Chicago might have a bad reputation when it comes to crime. Or taxes. Or commuter horror stories. Or artery-clogging street food. For decades, companies had been abandoning Chicago for more temperate climates (that is, literally anywhere else). But that polarity has changed. For every General Mills or Butterball or Mondelez International that left town, there’s a Walgreens or JPMorgan Chase or GE Healthcare that has increased its footprint along Lake Michigan.
At this moment in time — and it might be fleeting — supply and demand are in rough parity throughout Chicagoland.“ Apartment absorption picked up considerably during the first half of this year, particularly in urban areas,” Bisnow reported in October, “But there is still a race between supply and demand. Despite the increase in demand, there has been a lot of new supply, and that means vacancy hasn’t moved much recently.” That balance can’t last, not with the free-swinging market dynamics that are currently running their courses throughout the metropolitan area.
According to Institutional Property Advisors’ recent Chicago outlook report, vacancies are rising faster around Chicago than across the U.S. in general. In related news, Chicago rents are rising more slowly — as a whole. While Class A rents will likely struggle to find a 2% increase this year, Class Bs are projected to gain 3% and Class Cs 4%. This is an inversion of what happened in 2018.
Institutional Property Advisors further forecasts that, while 2019 completions will approximate those in 2018, absorptions will drop by about one-third. While that would point to declining leasing prices, it’s also true that Chicago mortgage payments far exceed effective rents and the gap between the two continue to grow. That would tend to signal that there’s ample room for rents to increase and still be competitive with home ownership, but who knows?
Staying in the Loop
Downtown is, apparently, where the action is. “Rents in the newest buildings remain at record levels, and occupancy has held fairly steady despite new supply,” Bisnow quoted Tom Weeks, an executive with Lendlease as saying, “all of which speaks to a healthy multifamily market as the population of Downtown continues to rise.”
Weeks’s company is developing multi-unit properties along the South Loop section of Downtown Chicago, but his perspective isn’t just a matter of anecdote. There are data to back up reports of the area’s resurgence. Just because Amazon took a pass on Chicagoland doesn’t mean that other tech companies aren’t finding compelling reasons to rent commercial space there — and Downtown in particular. And, as commercial real estate goes, so goes residential.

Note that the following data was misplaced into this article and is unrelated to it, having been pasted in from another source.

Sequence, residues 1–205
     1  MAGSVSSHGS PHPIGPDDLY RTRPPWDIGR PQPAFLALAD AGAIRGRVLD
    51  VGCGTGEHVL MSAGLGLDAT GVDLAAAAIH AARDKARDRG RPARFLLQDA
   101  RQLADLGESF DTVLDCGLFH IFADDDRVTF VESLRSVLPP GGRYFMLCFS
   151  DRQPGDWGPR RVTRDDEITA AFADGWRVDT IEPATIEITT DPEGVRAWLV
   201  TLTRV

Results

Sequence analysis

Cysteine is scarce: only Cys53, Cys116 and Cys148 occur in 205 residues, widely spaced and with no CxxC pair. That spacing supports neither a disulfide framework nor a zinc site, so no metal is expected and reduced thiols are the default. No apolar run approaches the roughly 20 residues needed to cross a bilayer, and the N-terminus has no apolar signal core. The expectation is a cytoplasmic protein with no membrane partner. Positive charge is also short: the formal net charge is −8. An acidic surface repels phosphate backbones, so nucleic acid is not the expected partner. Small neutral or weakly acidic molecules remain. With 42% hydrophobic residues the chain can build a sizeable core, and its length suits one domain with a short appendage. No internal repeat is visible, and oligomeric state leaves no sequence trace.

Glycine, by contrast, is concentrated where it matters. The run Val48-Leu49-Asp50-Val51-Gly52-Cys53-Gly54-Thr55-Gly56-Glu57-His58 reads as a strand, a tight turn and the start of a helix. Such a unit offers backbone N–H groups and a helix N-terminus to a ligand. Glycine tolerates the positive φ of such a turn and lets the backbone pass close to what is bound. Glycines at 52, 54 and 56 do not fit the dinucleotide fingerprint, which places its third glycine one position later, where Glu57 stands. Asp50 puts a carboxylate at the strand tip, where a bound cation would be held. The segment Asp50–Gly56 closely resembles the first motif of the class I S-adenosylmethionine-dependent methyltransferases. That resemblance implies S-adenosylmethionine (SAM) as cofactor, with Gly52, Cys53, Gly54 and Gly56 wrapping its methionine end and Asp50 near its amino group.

“Corporate expansions and relocations to Downtown Chicago and surrounding neighborhoods are boosting incomes and supporting household formation. Tech companies, including Google and Facebook, are growing their footprints and increasing hiring. Software firm Salesforce is also considering expanding its presence downtown, potentially bringing 5,000 jobs to the area,” according to Institutional Property Advisors. In response, “[m]any professionals are renting in the city’s dense urban areas as high costs in these neighborhoods make homeownership difficult. As a result, apartment vacancy in the city of Chicago began to improve in late 2018 at a faster rate than in the suburbs despite elevated construction.”
Still, despite Weeks’s optimism, other published reports suggest that Downtown, and especially the South Loop, are going to face price pressure as thousands of units come online. Crain’s Chicago Business reports that “[l]andlords in the South Loop will face more competition over the next two years, as developers complete more than 2,200 units in the neighborhood,” and that across the entire Downtown area 8,400 units will be built through 2019 and 2020.
Fortunately, there’s much more to Chicagoland than Downtown, and the adjacent Near North Side, Near South Side and Near West Side. While everyone is keeping their eye on the city core, some savvy investors have been placing bets on multifamily units well into the suburbs. Grayslake and Chicago Heights North rents were up 11.3% and 7.3% year-over-year respectively, according to Yardi Matrix. Meanwhile big projects are being built out in Wheaton and Shaumburg.
Chicago at a glance
- New construction: 9,500 apartments in 2019 (projected), compared with 9,200 in 2018
- Vacancy: up 30 basis points in 2019 (projected) as completions outpace absorption, reversing last year’s 40 bp decline
- Average effective rent: $1,510/mo (projected), up 3.2%
- Median annual household income: $53,006 in 2016, up from $38,625 in 2000; still below Illinois’s statewide figure of $60,960